New England School of Law has a new "nickname"
New England School of Law will change its name to New England Law | Boston as it looks to avoid confusion with other law schools with similar names and tie its identity more closely to the city of Boston.
In an e-mail to students, faculty, and alumni that was made available to the Globe, John F. O'Brien (right), dean and professor of law, wrote that as the school prepares to celebrate its 100th anniversary this month, one way to mark its entry into its second century was to adopt a new "'nickname' - New England Law | Boston - that will serve as our public identity (although our legal name will remain the same, including on diplomas)."
O'Brien also wrote in the e-mail, "We chose a name that we feel differentiates us from other law schools in the region with very similar names, provides continuity with our old name, and connects the school with its very appealing location in Boston."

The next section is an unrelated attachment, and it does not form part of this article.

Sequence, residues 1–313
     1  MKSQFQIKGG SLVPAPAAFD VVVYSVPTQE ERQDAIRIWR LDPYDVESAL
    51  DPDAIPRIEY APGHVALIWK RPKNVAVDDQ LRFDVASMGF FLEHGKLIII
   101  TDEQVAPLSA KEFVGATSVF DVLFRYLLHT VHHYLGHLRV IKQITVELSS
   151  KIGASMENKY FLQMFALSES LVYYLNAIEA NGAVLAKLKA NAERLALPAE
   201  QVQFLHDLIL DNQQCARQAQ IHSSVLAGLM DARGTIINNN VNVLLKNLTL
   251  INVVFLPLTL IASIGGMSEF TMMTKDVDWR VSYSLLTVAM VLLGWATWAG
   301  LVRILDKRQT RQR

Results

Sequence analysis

The school is set to commemorate its 100th anniversary at a convocation ceremony Sept. 23, and former Supreme Court Justice Sandra Day O’Connor (left) is scheduled to be the featured speaker.
The new name and the new logo seek to recall the spirit of graduate Lenny Zakim (right), the late New England regional director of the Anti-Defamation League, whose civil rights legacy was honored in the naming of the Leonard P. Zakim Bunker Hill Bridge, the school said in a memo.
O'Brien discussed the school name change further in a telephone interview.
"We're downtown," he said. "We're in the Theater District, and we want people to know who we are."
The school's name change was first reported by the Boston Business Journal.
(By Chris Reidy, Globe staff)